Monday, September 15, 2014

The Great Bedframe Revolution (Part I)

In my upstairs Orange County apartment you may remember that I had to cover a piece of foam core in fabric and stick-um it to the wall. It worked perfectly. However, now in my very own great big house I found myself in the market for some real headboards and bed frames.

I needed a queen sized frame for the mattress in the guest room and wanted a double sized frame for my own bedroom. Of course, in the Craigslist antique market, double beds are far easier to come by. I scored an antique wooden frame at a garage sale for $10 in a neighboring town. It was in pretty rough shape when I brought it home, and my initial plan was to paint it. But, the wood was just too beautiful to cover up with paint. Unfortunately, I was not looking forward to stripping and refinishing the whole thing. As you can see, it needed it. Can you tell where someone's head rubbed up against the headboard 40 years? I could.

I found this article from that explained how to clean up old wood with gel stain. So, I started with his method. Against my better judgment, I scrubbed the whole thing down with soap and water. My dad would have shot me for this (as he has always told me wood doesn't like to get wet). My dad is right. The water did get the piece nice and clean, but also made the finish a little cloudy, and darkened the gashes. I tried to give it a little love with Old English, but the damage was done. Now with a solid distrust of this guy, and having read a few other articles that didn't exactly sing the praises of the gel finish, I found this article from Utah State talking about alternative strategies for dealing with scratched finish.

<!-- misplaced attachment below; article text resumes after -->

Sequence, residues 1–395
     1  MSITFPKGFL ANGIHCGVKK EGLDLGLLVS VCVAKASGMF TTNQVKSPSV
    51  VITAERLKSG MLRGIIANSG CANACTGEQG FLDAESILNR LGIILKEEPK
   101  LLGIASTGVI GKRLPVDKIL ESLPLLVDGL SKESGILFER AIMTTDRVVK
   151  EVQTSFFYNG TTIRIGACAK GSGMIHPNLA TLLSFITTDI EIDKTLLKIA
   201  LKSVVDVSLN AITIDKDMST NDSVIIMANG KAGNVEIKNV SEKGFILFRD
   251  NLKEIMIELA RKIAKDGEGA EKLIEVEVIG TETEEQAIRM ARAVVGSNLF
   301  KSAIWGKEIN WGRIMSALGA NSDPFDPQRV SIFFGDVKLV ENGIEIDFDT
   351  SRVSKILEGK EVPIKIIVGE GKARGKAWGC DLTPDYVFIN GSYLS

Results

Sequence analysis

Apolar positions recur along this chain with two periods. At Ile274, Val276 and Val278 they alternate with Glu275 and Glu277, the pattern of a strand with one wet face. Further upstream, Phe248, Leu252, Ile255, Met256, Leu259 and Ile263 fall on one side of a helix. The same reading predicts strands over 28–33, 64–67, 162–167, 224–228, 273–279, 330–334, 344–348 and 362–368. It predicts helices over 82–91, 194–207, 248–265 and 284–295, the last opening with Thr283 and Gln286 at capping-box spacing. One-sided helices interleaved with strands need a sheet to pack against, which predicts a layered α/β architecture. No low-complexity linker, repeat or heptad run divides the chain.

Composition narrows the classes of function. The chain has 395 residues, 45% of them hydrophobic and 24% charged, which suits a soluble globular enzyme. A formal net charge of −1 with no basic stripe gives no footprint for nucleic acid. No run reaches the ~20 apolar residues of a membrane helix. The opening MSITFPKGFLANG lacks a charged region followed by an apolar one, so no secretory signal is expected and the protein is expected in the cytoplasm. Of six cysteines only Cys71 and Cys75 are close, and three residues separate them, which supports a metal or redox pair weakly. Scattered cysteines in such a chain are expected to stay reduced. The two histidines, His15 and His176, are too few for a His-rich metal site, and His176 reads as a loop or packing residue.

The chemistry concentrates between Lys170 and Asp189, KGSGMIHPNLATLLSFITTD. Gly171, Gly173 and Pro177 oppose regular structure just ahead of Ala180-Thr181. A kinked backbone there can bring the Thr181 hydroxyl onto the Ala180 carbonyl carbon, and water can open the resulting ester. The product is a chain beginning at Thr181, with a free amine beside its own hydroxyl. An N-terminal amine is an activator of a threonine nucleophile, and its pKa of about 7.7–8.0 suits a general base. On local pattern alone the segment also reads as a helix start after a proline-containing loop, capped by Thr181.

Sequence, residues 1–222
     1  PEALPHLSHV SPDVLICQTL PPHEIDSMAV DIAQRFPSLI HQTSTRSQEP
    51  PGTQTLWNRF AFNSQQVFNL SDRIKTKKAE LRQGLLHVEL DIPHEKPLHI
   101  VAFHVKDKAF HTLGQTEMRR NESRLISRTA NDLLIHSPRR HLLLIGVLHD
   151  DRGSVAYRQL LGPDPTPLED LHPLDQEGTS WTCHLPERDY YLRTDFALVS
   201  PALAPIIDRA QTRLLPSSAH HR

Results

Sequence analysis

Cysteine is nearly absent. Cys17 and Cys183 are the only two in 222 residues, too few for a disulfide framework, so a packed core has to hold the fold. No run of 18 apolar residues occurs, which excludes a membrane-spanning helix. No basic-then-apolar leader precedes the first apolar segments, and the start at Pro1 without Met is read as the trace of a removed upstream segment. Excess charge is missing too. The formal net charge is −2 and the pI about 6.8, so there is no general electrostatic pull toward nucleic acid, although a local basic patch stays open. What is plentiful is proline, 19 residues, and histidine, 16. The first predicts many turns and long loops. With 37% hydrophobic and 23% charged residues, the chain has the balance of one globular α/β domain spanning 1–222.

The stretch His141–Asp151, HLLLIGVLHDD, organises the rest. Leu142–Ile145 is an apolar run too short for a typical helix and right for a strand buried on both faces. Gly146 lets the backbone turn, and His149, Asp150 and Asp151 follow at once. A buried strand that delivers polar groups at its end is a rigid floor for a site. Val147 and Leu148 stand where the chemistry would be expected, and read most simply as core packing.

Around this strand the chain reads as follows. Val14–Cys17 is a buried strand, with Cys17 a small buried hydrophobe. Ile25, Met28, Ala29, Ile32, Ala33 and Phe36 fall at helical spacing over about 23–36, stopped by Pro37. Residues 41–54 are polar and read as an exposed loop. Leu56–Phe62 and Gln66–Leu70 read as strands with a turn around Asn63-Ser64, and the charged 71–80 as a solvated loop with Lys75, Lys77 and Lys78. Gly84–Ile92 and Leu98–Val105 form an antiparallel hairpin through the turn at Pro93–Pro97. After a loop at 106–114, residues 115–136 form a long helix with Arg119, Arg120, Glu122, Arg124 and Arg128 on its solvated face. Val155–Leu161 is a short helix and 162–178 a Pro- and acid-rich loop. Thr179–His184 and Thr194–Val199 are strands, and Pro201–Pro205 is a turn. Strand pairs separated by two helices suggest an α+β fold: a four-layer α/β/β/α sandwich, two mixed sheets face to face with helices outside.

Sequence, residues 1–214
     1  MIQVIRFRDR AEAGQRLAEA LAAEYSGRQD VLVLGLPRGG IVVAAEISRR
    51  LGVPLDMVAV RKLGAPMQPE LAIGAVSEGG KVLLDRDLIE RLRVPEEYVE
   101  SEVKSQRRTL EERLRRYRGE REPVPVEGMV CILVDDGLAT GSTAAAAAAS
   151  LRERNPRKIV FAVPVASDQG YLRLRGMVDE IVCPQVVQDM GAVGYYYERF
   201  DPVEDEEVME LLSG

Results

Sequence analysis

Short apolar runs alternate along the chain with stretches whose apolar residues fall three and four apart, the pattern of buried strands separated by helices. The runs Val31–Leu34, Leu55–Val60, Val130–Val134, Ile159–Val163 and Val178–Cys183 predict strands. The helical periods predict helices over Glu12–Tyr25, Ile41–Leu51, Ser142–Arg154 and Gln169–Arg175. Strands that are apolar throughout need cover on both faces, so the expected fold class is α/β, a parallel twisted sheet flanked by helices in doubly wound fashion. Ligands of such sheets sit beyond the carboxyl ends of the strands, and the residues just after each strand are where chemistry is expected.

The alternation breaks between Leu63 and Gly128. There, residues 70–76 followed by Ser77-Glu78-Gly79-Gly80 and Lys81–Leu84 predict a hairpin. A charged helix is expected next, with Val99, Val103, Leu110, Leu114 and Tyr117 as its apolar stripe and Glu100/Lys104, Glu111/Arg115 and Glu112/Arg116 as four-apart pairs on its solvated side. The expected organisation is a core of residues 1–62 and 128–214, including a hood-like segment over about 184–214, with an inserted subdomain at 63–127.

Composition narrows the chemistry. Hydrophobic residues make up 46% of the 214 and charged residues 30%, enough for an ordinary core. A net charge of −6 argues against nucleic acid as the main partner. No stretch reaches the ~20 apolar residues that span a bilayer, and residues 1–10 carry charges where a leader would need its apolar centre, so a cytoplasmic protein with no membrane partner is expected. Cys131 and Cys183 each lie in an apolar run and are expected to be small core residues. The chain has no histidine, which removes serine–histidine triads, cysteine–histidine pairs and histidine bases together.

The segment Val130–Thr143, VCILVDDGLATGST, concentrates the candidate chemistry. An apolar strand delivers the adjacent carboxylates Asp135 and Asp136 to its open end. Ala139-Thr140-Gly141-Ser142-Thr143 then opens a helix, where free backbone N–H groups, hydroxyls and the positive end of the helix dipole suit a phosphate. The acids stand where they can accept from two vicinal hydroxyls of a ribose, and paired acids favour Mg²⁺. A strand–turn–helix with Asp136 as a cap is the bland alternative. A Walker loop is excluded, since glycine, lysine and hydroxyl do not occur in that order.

I started by wiping the piece down with mineral spirits to get it good and clean. I also had to scrape off some old christmas tape, nail polish, and paint speckles from many years of hard life. But, goo-gone and a razor blade went a long way.

Then, I l took a foam brush and wetted it in a tupperware of lacquer thinner, and essentially liquified the lacquer to try to even out the finish. This allowed the old, original finish to smooth out and fill in the scratches and wear in the finish. After 4 iterations of this process, the finish was much smoother and more shiny than it had been. But, the finish was still thin in some spots. So, I gave it a few coats of spray on clean lacquer, and just before the last coat sanded it lightly with ultra find (440 grit) sandpaper.
I'll admit, putting a modern box spring and mattress on a very old bedframe has given me a serious princess and the pea effect. But overall I'm pretty delighted with the new life to this once dilapidated bedframe.

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